Deeply alarmed by her son’s farewell letter, his mother reported him missing on the morning of June 27. The Stasi began a cruel game of deception with the family. It construed a false statement made by a forester[9] and had a fake protocol on “forensic work at the crime site” written up.[10] An East German police “crime site investigation protocol” was made up “to establish a cover-up regarding the Kiebler family,” the East German secret police wrote.[11] The family members were finally informed on July 3 that the dead body of Herbert Kiebler was found by a forester in a wooded area in Potsdam-West and that he had committed suicide with a knife. The state attorney of the Potsdam district was also informed of the “cover-up measures.”

The older brother could not make sense of why Herbert Kiebler would have gone to the trouble to travel 40 kilometers from Mahlow to Potsdam in the middle of the night in order to commit suicide. In response to his inquiry, the Potsdam state attorney repeated the story created for the family, but refused to show any photos of the body.[12] The relatives did not believe the official version. They feared that Herbert Kiebler might have fallen victim to the people who had beaten him up the night that he fled. They also could not rule out that he might have tried to escape to the West since they had heard rumors of shots being fired at the border on the night that he disappeared.[13]

Herbert Kiebler was buried in the cemetery in Mahlow on July 11, 1975; the funeral guests were monitored by State Security.[14] The Stasi naturally denied the family the opportunity to view the deceased one last time. But Herbert Kiebler’s relatives wanted to bid him farewell. They secretly broke into the chapel, opened the coffin and saw the bullet wounds.[15] After that his mother repeatedly requested information from the East German police about the true circumstances of her son’s death. Her daughter recalled: “The lies about Herbert’s death caused our mother to perish. She received psychological treatment and died a bitter woman in 1993.”

[Martin Ahrends/Udo Baron/Hans-Hermann Hertle]

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[1] See “Urteil des Landgerichts Potsdam vom 22.5.2001,” in: StA Neuruppin, Az. 361 Js 14783/99, Bd. 4, Bl. 130–164; see also “Protokoll des VPKA Zossen, Betr.: Mitteilung der Mutter von Herbert Kiebler, 27.6.1975,” in: BStU, Ast. Potsdam, AP 1179/76, Bl. 32, and “Ermittlungen des MfS/KD Zossen zur Familie Kiebler, 1.7.1975,” in: BStU, Ast. Potsdam, AP 1179/76, Bl. 37–39.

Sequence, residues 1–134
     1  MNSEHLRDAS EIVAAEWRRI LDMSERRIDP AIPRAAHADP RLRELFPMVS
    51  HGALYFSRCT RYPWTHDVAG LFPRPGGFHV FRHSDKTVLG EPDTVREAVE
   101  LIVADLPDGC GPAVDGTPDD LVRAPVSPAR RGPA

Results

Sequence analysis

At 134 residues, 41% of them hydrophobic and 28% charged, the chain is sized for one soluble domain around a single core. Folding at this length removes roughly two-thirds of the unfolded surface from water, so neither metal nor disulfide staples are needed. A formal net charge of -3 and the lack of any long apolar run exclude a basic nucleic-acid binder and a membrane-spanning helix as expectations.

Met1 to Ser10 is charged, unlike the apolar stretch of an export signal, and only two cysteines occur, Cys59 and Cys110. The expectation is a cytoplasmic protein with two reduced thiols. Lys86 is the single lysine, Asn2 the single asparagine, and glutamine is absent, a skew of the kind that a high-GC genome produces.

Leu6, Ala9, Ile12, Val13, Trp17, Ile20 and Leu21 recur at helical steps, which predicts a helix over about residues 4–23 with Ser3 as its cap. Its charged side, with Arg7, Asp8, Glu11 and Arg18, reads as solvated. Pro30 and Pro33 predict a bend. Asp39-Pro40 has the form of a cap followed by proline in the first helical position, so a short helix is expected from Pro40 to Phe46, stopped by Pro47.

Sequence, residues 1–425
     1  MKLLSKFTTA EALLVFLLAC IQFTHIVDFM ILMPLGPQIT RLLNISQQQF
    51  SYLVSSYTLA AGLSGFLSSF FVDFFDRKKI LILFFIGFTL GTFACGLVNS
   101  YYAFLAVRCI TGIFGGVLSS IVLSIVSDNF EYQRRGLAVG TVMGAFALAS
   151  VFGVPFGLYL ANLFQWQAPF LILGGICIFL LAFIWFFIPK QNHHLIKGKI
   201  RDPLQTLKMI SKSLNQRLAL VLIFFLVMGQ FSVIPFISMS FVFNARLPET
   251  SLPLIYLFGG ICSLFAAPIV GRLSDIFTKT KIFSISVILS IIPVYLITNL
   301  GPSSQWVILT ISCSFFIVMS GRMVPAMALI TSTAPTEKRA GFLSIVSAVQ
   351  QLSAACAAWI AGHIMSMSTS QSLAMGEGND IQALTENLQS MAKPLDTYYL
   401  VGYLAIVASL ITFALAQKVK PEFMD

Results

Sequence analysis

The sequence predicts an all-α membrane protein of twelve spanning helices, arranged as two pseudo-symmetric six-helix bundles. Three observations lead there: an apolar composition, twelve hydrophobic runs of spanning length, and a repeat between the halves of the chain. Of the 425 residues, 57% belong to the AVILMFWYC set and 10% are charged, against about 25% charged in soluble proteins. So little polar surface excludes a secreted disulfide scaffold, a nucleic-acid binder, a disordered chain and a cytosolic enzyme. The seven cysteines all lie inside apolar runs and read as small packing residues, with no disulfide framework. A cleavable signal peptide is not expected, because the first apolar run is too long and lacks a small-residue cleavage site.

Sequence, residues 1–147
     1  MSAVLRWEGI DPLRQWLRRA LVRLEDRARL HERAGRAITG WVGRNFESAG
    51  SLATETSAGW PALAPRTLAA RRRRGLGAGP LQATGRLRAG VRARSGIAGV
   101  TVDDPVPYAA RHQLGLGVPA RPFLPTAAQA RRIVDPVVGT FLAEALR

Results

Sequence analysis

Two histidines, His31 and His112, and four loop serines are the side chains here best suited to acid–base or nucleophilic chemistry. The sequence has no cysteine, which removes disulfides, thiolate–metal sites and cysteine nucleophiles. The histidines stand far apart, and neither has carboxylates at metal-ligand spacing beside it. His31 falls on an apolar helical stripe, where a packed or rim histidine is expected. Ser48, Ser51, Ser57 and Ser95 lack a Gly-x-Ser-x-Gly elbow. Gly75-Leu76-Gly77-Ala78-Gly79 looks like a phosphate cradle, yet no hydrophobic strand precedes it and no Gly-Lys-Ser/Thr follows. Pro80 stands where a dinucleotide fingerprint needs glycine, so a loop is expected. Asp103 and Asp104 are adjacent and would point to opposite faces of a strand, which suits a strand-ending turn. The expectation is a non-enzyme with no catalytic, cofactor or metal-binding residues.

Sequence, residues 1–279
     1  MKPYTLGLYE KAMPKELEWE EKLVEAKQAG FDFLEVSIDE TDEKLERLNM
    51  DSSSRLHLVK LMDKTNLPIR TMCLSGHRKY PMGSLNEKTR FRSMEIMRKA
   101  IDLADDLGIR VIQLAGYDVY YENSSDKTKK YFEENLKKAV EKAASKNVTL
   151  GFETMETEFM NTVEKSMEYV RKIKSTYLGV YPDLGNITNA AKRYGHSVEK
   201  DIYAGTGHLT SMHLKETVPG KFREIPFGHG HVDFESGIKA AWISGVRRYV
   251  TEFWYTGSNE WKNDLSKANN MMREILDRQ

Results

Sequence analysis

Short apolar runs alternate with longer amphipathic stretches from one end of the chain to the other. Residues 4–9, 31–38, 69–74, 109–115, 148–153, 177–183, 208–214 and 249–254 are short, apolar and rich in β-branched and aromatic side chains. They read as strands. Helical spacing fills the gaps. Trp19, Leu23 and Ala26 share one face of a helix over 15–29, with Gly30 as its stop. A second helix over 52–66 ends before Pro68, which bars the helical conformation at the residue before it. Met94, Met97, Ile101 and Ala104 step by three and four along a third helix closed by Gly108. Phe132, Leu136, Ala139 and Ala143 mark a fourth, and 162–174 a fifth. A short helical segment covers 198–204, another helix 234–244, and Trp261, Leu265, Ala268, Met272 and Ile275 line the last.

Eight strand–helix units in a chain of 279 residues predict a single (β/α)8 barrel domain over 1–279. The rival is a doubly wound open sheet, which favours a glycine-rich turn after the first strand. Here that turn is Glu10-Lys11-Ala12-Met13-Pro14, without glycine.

[2] “Handschriftliche Notizen von Herbert Kiebler,” in: BStU, Ast. Potsdam, AP 1179/76, Bl. 15.
[3] See “Urteil des Landgerichts Potsdam vom 22.5.2001,” in: StA Neuruppin, Az. 361 Js 14783/99, Bd. 4, Bl. 146; see also “Bericht des VPKA Potsdam/Abt. K über die Befragung der Schwester von Herbert Kiebler, 27.6.1975,” in: BStU, Ast. Potsdam, AP 1179/76, Bl. 34–36.
[4] “Aktenvermerk der BVfS Potsdam/Abt. VII über ein Gespräch mit einem Bruder von Herbert Kiebler, 9.7.1975,” in: BStU, Ast. Potsdam, AP 1179/76, Bl. 85–86.
[5] See “Schreiben des Chefs der Grenztruppen an den Minister für Nationale Verteidigung, 27.6.1975,” in: BArch, GT 6273, Bl. 115–116; “Urteil des Landgerichts Potsdam vom 22.5.2001,” in: StA Neuruppin, Az. 361 Js 14783/99, Bd. 4, Bl. 147–148.
[6] See “Urteil des Landgerichts Potsdam vom 22.5.2001,” in: StA Neuruppin, Az. 361 Js 14783/99, Bd. 4, Bl. 130–164.
[7] See Gerald Praschl, Der verlogenste Mauermord, in: Super-Illu Nr. 31, 26.7.2001, pp. 10–11.
[8] “Abschriften des MfS/KD Zossen, 4.7.1975,” in: BStU, Ast. Potsdam, AP 1179/76, Bl. 59–61, here Bl. 59–60.
[9] See the so-called “Bericht des VPKA Potsdam/Abt. K über das Auffinden einer unbekannten männlichen Leiche im Wald von Potsdam-West am 27.06.1975, 27.6.1975,” in: BStU, Ast. Potsdam, AP 1179/76, Bl. 108.
[10] See the so-called “Protokoll des VPKA Potsdam/Abt. K über kriminaltechnische Tatortarbeit, 27.6.1975,” in: BStU, Ast. Potsdam, AP 1179/76, Bl. 109–112.
[11] See the so-called “Tatortuntersuchungsprotokoll des VPKA Potsdam/Abt. K zum unnatürlichen Tod einer unbekannten männlichen Person in Potsdam-West am 26.6.1975, 27.6.1975,” in: BStU, Ast. Potsdam, AP 1179/76, Bl. 88–91.
[12] See “Aktenvermerk [der Potsdamer Staatsanwaltschaft], 9.7.1975,” in: BStU, Ast. Potsdam, AP 1179/76, Bl. 85.
[13] See “VPKA Zossen/Abt. K, Anzeige des Bruders von Herbert Kiebler vom 22.7.1975,” in: BStU, Ast. Potsdam, AP 1179/76, Bl. 63–65.
[14] See “Aktenvermerk der BVfS Potsdam/Abt. IX/SK, 11.7.1975,” in: BStU, Ast. Potsdam, AP 1179/76, Bl. 55.
[15] On this and the following see Gerald Praschl, Der verlogenste Mauermord, in: Super-Illu Nr. 31, 26.7.2001, pp. 10–11.